Matticus, and all other published or aspiring authors, same question as before! How do you go about vetting your drafts? Reading group, college contacts, etc.?
In screenwriting I exchange scripts with fellow screenwriters I've known throughout the years for notes. There is some overlap between those folks and the readers of my early draft on my first novel, but only like two. That's because a screenplay is maybe 16k words long, opposed to a novel, which is around 80k+. So there's a lot less time investment to ask of screenwriting chums than with novel folks. So I really only had two readers before I made my final draft on my novel.

I would suggest not following in my footsteps though. Pretty much in anything. That's why I put up these case studies: Because I strongly suspect my purpose on this planet is as an object lesson to others...
 

Lyric Blade

Philosophizes with Kellhus
#39
I was considering today if perhaps the birth of Literary Fiction came with Joyce's incomprehensible Ulysses (which might be ironic if one argued that the mythological Ulysses that inspired him was in fact a genre action adventure story), so I looked it up on the ol' wikipedia.
Very nice reference! Joyce's Ulysses is a prime example of a work that is so difficult to understand, it almost seems it was written for the purpose of keeping English professors employed indefinitely. Your hypothesis thus seems all too plausible.

"Some have described the difference between [literary and commercial fiction] in terms of analyzing reality (literary) rather than escaping reality (popular)."
That distinction has some merit to be sure. There are literary works that primarily seem valuable as mirrors for analysis, and would be difficult to read purely for the sake of escapism. Ulysses seems like it would be a good example of that.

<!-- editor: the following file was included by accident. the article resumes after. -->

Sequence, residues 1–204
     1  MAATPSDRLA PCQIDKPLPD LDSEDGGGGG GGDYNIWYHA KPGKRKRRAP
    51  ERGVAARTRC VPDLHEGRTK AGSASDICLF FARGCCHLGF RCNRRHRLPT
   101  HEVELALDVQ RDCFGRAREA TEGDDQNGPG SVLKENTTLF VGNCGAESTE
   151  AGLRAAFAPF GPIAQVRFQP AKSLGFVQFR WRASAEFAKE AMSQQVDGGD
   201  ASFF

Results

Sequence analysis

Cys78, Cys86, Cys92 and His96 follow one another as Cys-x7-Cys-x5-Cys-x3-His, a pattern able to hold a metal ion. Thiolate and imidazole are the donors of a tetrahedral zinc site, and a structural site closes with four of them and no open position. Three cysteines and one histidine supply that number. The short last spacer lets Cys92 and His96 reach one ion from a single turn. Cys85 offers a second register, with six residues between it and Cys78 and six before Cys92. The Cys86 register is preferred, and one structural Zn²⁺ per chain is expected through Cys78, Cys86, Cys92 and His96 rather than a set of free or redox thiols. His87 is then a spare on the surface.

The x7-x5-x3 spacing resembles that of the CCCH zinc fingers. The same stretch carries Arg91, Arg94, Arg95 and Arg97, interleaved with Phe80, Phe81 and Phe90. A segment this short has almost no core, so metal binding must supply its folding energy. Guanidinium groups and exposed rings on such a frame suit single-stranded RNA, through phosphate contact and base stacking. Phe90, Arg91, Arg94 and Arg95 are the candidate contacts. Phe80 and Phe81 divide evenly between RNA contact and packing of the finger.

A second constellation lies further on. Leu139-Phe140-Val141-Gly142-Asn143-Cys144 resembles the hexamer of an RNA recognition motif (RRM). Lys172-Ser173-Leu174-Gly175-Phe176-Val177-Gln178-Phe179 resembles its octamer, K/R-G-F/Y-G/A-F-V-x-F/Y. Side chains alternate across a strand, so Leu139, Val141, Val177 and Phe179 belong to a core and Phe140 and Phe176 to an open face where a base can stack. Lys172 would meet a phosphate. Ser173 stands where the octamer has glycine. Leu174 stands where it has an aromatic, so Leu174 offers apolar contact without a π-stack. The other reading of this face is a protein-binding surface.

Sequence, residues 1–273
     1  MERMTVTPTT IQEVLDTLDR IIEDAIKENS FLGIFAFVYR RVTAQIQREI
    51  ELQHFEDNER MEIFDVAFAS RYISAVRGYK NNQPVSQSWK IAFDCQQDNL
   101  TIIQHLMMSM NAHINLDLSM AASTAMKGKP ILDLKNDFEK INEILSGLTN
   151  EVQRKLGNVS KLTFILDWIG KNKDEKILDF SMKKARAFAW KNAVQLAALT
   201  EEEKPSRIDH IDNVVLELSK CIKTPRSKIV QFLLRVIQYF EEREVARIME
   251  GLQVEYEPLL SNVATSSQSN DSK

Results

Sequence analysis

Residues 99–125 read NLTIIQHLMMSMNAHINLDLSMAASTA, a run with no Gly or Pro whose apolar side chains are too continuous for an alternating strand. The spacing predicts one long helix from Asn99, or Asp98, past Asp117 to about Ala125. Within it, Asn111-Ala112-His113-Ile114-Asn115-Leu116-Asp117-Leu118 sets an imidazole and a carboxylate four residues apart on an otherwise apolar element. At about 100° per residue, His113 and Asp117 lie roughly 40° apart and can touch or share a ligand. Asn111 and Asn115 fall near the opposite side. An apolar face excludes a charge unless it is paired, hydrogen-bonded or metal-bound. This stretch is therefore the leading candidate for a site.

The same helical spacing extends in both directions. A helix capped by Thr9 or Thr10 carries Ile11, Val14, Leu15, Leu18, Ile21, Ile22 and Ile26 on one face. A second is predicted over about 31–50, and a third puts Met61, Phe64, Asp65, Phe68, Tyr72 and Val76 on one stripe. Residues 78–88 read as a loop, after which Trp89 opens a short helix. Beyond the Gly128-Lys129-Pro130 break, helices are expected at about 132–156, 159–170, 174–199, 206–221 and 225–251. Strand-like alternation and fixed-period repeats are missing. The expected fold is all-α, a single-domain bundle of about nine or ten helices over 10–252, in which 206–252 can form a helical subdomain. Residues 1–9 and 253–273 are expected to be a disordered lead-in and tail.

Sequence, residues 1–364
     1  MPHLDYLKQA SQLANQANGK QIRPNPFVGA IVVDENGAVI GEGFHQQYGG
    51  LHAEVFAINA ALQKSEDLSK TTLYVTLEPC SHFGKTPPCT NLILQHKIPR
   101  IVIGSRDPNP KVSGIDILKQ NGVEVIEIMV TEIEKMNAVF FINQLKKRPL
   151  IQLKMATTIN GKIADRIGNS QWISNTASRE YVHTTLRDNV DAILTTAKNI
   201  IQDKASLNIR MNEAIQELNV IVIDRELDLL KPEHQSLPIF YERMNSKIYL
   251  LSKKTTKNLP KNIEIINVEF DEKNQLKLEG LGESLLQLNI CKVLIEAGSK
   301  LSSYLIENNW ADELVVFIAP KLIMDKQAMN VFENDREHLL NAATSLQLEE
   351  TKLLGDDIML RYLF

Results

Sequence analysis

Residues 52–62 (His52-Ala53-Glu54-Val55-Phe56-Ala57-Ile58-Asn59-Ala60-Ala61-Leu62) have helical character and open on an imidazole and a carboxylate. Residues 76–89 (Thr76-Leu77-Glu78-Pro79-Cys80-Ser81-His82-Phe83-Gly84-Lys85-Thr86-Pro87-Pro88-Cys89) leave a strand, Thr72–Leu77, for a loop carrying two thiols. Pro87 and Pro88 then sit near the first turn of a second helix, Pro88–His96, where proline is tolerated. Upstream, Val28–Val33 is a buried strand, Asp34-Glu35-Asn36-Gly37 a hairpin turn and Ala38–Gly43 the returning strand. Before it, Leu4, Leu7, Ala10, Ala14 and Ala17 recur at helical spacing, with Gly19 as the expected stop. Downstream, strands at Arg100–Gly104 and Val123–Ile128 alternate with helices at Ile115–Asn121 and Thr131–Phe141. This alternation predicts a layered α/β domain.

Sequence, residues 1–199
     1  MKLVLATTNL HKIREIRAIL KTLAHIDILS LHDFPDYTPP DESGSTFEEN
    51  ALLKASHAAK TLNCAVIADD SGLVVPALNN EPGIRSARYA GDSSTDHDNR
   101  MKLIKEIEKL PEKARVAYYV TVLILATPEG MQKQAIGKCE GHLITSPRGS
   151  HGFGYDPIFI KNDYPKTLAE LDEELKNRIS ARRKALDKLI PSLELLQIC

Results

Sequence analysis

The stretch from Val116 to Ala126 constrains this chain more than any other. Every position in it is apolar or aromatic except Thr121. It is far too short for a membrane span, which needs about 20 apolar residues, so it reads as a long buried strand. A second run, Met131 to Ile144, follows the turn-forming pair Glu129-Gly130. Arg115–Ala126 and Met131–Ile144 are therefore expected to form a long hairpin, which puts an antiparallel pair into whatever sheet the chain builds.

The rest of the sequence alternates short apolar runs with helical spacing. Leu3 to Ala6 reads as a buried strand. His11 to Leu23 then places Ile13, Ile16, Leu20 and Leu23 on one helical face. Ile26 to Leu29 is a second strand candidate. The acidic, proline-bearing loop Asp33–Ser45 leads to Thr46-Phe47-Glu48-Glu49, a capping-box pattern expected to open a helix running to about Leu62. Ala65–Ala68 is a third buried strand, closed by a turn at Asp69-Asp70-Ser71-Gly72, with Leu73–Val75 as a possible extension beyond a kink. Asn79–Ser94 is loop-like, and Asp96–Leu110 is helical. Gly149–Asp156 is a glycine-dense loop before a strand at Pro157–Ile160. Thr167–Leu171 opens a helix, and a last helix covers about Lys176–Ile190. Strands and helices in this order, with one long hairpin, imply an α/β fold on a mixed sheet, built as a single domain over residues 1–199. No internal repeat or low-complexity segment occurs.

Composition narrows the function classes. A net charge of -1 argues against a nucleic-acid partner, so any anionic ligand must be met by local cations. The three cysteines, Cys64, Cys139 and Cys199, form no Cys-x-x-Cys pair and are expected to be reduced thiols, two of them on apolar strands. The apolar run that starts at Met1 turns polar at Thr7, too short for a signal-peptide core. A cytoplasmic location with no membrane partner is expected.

Still, when it comes to genre fiction, it may be intended to entertain, but one could still read genre fiction with a literary approach. If nothing else, what the masses enjoy can say a lot about pop culture, about a culture or even (especially with fantasy) the collective unconscious (in that case, perhaps just the work itself).
(Nod to Tanniel!)

By the same token, there are surely some books on the literary fiction shelf that one could choose to read purely for enjoyment. The reader's intent in picking up a book also affects how a book is experienced, and so whether something is experienced as 'genre' or 'literary' at least in part depends on the reader as much as it does on the author.

The other distinction you mentioned though seems to be a lot more objective. Still, it is contingent on the circle of patrons and academics who support that sort of writing and what they define as being literature. Maybe that was your point? :shy:

There is so much to be said about this topic- but it's getting late for me, so I am going to try and probably fail to avoid another monster post.

Thank you so much for answering my questions Matticus. You too Peat.

Closing thoughts: when it comes to details about copy righting- if it's even something I should worry about at all- I am entirely a novice, so I appreciate pointers like the novice screen writer's tell.

In screenwriting I exchange scripts with fellow screenwriters I've known throughout the years for notes. There is some overlap between those folks and the readers of my early draft on my first novel, but only like two. ...
I would suggest not following in my footsteps though. Pretty much in anything. That's why I put up these case studies: Because I strongly suspect my purpose on this planet is as an object lesson to others...
(Quoted partially for space!)
Did I know you were a screen writer? I don't recall, but that is cool. What have you worked on when it comes to screen plays- and do you find that your two modes of writing feed each other?

As for the last part- don't sell yourself short man. I am a novice as I said, so I am seeking to learn from folks who have been doing this longer than I have. At the same time, I asking people how they go about things because I am genuinely interested in how other writers do things. Who says we can't learn things and have fun while doing it? :)

Ok, long section on closing thoughts. Not sure how my time zone lines up with others, but from where I am on Pacific West Coast, good night to all!